Change the scheme, Alter the mood! Electrify the boys and girls if you would be so kind!
So, Saturday the're asking for support for Kentucky Kingdom by having people show up at the bowling alley outside of the Fairground's main entrance.
Since I'm not very busy this Saturday... I might actually go. Heck, maybe even take pictures. It all depends on whether I do go home from college tomorrow or not.
It's very hard for me to further support Kentucky Kingdom due to the Fair Board, the state, and the current condition of the park making it so difficult to reopen it, but I wouldn't mind physically showing some kind of support for a reopening. I also don't know what's going to be there, or who's going to be there, but according to the 300+ people on Facebook who says they're going I'm thinking it might be somewhat interesting.
Kentucky Kingdom supporters rally 5:26 PM, Oct 13, 2012 Written by: Dan Klepal, The Courier-Journal
More than 100 people attended a rally Saturday in support of reopening the Kentucky Kingdom amusement park, which was closed in 2009 and abandoned by Six Flags after it filed for bankruptcy .
The Kentucky State Fair board has set a next Friday deadline for proposals from developers who would reopen the park, but members of the Save My Park organization, savemypark.com and facebook.com/SaveKentuckyKingdom, say they are concerned that state politicians aren’t committed to the project.
John Mulcahy, a member of the group’s alumni committee, which is made up of people who formerly worked at the park, said they are concerned about Gov. Steve Beshear’s comments this summer indicating that the park could be torn down.
Mulcahy also said that those comments don’t make sense given that the fair board has had budget deficits the past two years, and that the state’s economic study estimates the park would generate about $11 million in annual revenue, plus new tax revenue and money taken in by hotels and restaurants near the fairgrounds.
“Why is it taking so long? It just defies explanation,” Mulcahy said. “We should all be up in arms … that a property like Kentucky Kingdom could be put in front of the wrecking ball.”
Louisville businessman Ed Hart, who was Kentucky Kingdom's chief executive for about a decade before Six Flags took over in 2000, negotiated with the Kentucky Fair Board for months in 2010 about reopening the park before talks were abruptly cut off.
After that, the owners of Holiday World made a run at operating the park before dropping the effort.
Earlier this summer, Hart announced yet another attempt to reopen the park with new partners. He will participate in the competitive proposal process; it is unclear how many other potential developers will place bids.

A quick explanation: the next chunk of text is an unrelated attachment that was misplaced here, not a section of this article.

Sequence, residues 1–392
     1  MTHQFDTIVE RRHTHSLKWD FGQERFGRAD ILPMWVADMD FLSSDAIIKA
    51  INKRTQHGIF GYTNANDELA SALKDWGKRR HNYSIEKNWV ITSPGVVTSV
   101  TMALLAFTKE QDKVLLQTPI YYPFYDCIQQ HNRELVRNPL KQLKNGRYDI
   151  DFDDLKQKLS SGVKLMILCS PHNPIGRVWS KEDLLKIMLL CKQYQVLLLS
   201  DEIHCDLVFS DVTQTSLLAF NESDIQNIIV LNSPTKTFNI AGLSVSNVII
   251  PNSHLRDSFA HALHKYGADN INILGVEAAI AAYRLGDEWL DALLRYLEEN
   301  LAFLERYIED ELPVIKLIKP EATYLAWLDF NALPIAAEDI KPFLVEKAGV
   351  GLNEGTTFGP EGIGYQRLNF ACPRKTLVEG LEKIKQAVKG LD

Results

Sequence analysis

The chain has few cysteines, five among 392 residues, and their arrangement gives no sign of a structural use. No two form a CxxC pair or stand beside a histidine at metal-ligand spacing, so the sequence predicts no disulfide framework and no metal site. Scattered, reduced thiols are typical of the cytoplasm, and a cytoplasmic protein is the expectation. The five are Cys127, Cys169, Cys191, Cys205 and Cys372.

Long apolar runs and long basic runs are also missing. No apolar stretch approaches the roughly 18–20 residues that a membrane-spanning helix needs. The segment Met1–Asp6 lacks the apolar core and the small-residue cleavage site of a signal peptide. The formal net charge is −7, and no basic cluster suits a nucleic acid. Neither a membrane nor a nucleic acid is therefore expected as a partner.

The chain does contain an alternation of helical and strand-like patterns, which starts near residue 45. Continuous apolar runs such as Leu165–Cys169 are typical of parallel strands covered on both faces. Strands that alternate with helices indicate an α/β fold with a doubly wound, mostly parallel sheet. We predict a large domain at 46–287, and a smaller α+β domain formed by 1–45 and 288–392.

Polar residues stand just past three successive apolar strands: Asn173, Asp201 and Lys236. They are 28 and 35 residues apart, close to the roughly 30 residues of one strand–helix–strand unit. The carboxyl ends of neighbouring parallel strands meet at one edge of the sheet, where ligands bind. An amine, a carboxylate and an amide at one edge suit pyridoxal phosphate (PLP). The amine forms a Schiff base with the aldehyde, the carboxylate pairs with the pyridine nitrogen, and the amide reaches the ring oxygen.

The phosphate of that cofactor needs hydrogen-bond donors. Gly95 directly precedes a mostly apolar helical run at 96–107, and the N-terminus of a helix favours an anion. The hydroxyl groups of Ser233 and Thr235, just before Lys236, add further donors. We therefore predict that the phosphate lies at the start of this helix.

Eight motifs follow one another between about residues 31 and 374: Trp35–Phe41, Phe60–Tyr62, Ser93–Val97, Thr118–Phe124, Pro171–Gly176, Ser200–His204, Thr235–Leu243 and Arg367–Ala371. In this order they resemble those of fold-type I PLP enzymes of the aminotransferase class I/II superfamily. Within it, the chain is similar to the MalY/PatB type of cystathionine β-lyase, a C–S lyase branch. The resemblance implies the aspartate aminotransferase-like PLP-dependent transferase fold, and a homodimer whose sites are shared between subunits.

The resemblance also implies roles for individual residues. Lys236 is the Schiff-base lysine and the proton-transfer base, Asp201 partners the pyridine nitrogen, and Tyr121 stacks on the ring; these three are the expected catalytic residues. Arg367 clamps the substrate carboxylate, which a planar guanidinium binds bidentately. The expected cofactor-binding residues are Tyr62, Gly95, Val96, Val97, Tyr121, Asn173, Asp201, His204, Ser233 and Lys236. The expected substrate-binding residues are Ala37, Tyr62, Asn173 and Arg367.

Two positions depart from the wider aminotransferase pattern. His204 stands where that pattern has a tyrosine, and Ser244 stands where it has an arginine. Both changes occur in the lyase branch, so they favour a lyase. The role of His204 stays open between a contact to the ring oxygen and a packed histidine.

Louisville Metro Councilman Dan Johnson, whose 21st District is home to the park, said during the rally that Beshear was “playing politics” with the park.
“Ed Hart stood up to the task and would have had it open by now,” Johnson said. “Let’s hope the fair board gets (its) act together. I think Gov. Beshear has played politics enough with this park. It needs to be … opened now.”
Brian Smith, a community activist and self-proclaimed “roller coaster enthusiast” attended the rally and said in an interview that the process of trying to reopen the park has lacked transparency.
“The fair board has kicked the can to the far end of the road while this park has deteriorated from neglect," Smith said.
Hart has said he wants to reopen the park in 2014. Hart's group would put $10 million in equity into the park and borrow $30 million.
The economic impact study said the park's reopening would eventually create about 1,200 jobs, primarily hospitality positions and some construction employment. A economic impact study of the 4th Street Live entertainment district, released last week, concluded that hospitality jobs in Jefferson County increased by 1,300 between 2001-09, but that the county lost all that growth after 2010.
“This decline is presumably due to the closure of Kentucky Kingdom,” the report says.
As usual, my analysis is free of charge! Original enough to not steal someone else's quote as a signature
This saga will never end. I have a question for anyone who knows or has some of an idea, what rides and attractions are in good enough shape (if any) to fix and reopen.
The rides aren't even in bad shape. Inside the park, Kentucky Kingdom looks as if it has closed yesterday for the winter season believe it or not. Obviously though, the woodies and mile high falls will need some heavy work.